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Re: Snapshot of Web Services Glossary

From: Walden Mathews <waldenm@optonline.net>
Date: Mon, 24 Feb 2003 14:45:21 -0500
To: Ugo Corda <UCorda@SeeBeyond.com>, www-ws-arch@w3.org
Message-id: <004101c2dc3d$474f72a0$1702a8c0@WorkGroup>


----- Original Message -----
From: "Ugo Corda" <UCorda@SeeBeyond.com>
To: "Walden Mathews" <waldenm@optonline.net>; <www-ws-arch@w3.org>
Sent: Monday, February 24, 2003 1:29 PM
Subject: RE: Snapshot of Web Services Glossary


>
> >Then there's a reference to a "synchronous HTTP POST".
> >Not sure if "synchronous" adds any meaning there.
>
> I think that "synchronous" in that context refers to the fact that the
HTTP POST is expected to carry the response back on the same HTTP
interaction.

"Same interaction" is a problem to generalize, although I get your
meaning fine here.  It would also be on the same connection, but again
generalizing, a connection is just an agreement of connected parties,
nicely recursive.  But, perhaps more significantly, the "same interaction"
signifies a time frame within to succeed or fail?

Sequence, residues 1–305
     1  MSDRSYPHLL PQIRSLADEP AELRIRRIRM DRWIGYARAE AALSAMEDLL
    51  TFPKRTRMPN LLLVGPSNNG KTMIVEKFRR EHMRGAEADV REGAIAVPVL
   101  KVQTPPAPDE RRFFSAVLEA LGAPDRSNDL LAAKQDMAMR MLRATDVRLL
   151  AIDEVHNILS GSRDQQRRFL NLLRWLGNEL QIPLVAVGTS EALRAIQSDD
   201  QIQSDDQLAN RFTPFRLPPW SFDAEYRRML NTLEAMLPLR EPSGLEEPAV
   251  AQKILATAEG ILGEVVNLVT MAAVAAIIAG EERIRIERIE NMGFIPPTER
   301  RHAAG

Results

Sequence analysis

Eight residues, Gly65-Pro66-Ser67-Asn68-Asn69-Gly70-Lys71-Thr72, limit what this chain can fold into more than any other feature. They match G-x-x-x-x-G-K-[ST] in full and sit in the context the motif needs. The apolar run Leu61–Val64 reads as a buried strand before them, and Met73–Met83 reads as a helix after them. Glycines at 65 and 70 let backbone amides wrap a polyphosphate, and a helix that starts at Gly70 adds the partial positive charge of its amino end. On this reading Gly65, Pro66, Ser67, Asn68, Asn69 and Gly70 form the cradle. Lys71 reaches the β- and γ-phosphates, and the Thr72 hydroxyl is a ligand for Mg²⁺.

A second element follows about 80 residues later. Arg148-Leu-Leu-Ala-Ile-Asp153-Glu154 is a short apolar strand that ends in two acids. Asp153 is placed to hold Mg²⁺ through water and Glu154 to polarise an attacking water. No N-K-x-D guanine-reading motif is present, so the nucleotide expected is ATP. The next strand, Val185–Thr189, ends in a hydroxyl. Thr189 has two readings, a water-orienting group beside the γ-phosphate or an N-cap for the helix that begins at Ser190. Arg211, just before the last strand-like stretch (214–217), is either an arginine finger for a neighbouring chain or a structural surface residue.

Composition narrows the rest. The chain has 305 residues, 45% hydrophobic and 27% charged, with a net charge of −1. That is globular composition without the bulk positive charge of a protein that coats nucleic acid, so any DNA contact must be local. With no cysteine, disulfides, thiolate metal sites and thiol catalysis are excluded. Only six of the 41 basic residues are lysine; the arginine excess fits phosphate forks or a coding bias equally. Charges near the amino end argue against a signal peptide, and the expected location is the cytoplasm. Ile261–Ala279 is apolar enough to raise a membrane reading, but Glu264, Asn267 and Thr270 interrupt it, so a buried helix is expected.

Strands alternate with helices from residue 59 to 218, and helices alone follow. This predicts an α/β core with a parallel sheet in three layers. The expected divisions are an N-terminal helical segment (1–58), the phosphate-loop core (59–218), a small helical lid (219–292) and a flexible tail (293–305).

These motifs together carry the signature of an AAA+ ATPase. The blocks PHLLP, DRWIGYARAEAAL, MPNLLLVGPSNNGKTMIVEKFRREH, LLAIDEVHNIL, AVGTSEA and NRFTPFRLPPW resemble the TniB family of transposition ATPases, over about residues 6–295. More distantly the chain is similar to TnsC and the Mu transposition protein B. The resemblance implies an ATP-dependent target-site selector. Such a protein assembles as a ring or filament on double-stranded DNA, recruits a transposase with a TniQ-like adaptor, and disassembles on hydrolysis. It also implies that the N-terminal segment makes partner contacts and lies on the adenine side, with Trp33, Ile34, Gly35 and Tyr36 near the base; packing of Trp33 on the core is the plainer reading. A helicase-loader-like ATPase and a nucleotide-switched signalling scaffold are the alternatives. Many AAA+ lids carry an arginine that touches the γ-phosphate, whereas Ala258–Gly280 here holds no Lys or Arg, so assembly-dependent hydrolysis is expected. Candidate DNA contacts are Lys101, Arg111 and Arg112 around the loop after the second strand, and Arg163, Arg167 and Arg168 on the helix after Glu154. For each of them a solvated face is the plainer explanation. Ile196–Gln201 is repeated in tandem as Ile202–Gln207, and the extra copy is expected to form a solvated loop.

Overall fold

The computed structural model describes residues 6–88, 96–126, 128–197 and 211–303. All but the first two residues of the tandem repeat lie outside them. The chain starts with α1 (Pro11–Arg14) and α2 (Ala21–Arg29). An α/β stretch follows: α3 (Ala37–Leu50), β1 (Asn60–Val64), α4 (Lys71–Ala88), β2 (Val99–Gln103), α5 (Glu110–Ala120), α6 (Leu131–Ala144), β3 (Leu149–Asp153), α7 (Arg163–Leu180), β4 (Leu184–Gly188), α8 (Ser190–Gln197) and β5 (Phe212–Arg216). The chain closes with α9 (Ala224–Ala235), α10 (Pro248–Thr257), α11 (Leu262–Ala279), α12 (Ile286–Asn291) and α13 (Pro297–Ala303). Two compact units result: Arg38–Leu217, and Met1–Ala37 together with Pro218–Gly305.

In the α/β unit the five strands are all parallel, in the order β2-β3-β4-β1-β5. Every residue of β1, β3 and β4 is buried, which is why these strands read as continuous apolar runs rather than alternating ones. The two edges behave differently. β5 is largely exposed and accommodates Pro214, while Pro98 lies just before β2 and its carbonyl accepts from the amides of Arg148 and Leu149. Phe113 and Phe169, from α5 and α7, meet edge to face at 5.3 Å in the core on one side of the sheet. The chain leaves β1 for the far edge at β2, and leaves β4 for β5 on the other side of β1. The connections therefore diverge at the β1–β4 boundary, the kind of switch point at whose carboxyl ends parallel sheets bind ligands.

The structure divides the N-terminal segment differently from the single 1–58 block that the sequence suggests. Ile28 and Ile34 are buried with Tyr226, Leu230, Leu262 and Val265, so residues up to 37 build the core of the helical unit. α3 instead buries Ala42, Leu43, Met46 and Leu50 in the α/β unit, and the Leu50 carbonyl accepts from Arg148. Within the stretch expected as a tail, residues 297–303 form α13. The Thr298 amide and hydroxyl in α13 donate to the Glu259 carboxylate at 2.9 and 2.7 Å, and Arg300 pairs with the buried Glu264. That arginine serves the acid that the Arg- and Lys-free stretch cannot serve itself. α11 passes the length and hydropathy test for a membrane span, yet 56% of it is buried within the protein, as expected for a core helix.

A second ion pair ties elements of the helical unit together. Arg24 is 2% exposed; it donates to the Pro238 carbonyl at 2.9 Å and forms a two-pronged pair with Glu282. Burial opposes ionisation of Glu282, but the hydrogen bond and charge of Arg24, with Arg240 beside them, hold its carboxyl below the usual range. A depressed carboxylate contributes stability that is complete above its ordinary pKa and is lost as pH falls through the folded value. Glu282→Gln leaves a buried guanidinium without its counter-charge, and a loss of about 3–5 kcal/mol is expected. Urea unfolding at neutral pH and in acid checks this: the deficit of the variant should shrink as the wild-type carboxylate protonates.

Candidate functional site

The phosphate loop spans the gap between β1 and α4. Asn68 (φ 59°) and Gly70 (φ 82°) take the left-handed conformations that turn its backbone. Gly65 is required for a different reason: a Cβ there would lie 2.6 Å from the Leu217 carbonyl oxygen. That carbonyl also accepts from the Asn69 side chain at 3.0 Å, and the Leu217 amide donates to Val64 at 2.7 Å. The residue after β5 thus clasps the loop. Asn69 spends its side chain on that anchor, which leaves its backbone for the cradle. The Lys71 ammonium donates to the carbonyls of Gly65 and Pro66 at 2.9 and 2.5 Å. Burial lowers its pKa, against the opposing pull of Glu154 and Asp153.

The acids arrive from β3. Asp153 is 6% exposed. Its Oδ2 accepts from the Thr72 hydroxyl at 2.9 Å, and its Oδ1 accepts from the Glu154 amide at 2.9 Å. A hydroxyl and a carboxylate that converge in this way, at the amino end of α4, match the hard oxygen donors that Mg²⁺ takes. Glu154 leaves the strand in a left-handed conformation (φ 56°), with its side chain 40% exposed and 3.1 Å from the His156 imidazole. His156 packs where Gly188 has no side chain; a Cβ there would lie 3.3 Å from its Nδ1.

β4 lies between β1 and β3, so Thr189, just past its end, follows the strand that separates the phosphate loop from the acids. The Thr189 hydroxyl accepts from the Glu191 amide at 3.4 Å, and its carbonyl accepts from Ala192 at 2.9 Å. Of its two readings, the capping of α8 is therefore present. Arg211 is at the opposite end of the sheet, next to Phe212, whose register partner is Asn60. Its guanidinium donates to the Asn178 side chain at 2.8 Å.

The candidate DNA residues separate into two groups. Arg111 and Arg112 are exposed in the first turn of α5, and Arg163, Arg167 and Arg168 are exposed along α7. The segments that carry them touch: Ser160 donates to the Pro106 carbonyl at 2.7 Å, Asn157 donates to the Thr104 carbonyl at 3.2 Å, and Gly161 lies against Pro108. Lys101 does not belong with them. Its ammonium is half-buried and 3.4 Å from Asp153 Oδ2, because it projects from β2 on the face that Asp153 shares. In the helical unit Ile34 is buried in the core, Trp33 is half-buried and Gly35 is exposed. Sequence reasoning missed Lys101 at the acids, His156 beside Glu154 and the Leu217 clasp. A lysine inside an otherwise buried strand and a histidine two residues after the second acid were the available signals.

>
> It's probably qualified as "synchronous" to distinguish it from an
"asynchronous" HTTP POST, where the HTTP response (which will come back just
because HTTP is a synchronous protocol) might be viewed by the client as
just an ack from the server, or might be ignored. The "real" SOAP response
would in that case come on a separate interaction and not via the initial
HTTP response.

Okay, I understand the explanation, but I have issues with the
language still.  If I say my client "does a synchronous HTTP POST",
I'm implying that my client can control whether the server processes
the posted data now or defers processing until later, in which case
the responses will be different as you describe above.  Meanwhile,
there's an HTTP status code that means "I got it, but haven't processed
it yet.", so there's no additional protocol needed for a client to
know whether it got a post-processing representation or just an
ack.  Using "synchronous" or "asynchronous" in this setting is mis-
leading, and so should be avoided.  Surely better terms can be
found; not so surely, perhaps no such terms are really needed.

I agree that request/response in HTTP can be regarded as
"synchronous", due to almost universal although vague assumptions
about how long the whole transaction ought to take.

Walden
Received on Monday, 24 February 2003 14:45:35 GMT

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